Kyrgyzstan: Recruiters Seek Men, Women to Join Syria Militants

Authorities stepping up efforts to identify recruitment networks.

Kyrgyzstan: Recruiters Seek Men, Women to Join Syria Militants

Authorities stepping up efforts to identify recruitment networks.

After Fatima Mamadjanova’s 18-year-old daughter went missing last year, it took a while for the family to discover she had left Kyrgyzstan and gone to Syria.

When they checked her mobile phone, they found messages from a female friend arranging her departure and mentioning a man who was sending money and false identity papers.

The Kyrgyz authorities believe some 200 nationals have gone to Syria to join rebel forces, most but not all men. Islamic State is the most active recruiter of Central Asians, many of whom feature in the group’s propaganda videos.

Men typically go to fight, while women are often coerced into marrying militants. In some cases, the women are misled into believing they are going to Turkey to get lucrative jobs.

The whereabouts of Mamadjanova’s daughter are still unknown, but the Kyrgyz security service has managed to arrange the return of two other young women who spent time in Syria.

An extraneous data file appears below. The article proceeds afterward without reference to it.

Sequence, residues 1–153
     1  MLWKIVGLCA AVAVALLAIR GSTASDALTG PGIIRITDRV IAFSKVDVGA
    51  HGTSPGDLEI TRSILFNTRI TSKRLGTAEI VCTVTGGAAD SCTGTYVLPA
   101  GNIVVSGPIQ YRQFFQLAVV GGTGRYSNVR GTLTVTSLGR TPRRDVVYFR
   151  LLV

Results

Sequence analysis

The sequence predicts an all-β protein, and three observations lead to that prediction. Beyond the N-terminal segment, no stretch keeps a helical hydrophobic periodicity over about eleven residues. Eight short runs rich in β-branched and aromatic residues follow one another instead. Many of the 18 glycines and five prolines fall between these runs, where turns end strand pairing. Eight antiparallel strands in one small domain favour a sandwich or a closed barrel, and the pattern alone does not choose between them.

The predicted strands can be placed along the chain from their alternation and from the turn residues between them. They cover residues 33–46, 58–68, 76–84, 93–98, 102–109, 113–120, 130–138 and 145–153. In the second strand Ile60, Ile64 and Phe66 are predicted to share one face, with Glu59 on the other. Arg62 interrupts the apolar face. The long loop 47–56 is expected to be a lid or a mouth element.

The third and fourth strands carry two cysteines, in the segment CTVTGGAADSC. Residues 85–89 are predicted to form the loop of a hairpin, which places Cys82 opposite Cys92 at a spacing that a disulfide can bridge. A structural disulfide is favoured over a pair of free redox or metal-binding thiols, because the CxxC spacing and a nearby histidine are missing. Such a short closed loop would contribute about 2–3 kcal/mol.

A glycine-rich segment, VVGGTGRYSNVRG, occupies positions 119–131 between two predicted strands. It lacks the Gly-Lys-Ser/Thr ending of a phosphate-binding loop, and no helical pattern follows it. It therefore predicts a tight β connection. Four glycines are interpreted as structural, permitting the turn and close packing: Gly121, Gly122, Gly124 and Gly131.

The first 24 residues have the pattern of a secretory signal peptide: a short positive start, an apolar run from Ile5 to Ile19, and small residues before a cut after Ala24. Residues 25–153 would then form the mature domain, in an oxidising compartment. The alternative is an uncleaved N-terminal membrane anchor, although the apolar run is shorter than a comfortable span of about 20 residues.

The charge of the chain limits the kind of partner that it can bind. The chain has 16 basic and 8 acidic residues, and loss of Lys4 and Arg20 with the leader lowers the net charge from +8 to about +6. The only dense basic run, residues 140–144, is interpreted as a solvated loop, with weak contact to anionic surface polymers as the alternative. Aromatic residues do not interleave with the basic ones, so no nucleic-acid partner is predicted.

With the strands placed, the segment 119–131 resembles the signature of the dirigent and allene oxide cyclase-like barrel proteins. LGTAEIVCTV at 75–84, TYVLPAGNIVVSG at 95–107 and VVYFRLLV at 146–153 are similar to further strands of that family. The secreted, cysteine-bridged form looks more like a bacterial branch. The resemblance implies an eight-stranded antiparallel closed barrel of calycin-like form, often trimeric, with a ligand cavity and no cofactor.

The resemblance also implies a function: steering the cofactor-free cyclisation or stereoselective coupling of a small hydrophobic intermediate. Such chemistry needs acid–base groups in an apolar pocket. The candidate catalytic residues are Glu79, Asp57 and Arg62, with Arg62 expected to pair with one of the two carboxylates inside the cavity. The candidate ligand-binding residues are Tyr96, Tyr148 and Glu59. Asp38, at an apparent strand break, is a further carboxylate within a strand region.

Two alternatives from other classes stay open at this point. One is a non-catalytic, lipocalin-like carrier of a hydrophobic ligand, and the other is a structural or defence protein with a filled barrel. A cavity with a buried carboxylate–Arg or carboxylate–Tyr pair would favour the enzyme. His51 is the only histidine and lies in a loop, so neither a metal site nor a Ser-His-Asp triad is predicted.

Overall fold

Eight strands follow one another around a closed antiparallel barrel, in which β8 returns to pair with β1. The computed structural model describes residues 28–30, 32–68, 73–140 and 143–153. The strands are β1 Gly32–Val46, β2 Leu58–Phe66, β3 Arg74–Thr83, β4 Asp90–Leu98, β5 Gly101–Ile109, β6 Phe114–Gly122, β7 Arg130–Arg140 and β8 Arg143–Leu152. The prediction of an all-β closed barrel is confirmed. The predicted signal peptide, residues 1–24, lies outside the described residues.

“One of them was held in sexual slavery, while the other testified that she was there, that she never participated in fighting, and that she was just living with some man,” a spokesman for the State Committee for National Security, Rahat Sulaymanov, told IWPR.

The authorities are now trying to track down recruitment networks in Kyrgyzstan and are running publicity campaigns to make people more aware of the risks of radicalisation.

Sulaymanov says the majority of people who have gone to Syria come from southern Kyrgyzstan’s three provinces and from Chui region in the north.

“We have information that whole families of Kyrgyzstan nationals have gone. Mostly it is young people who go,” he said. 

Kyrgyzstan, Syria
Conflict
Support our journalists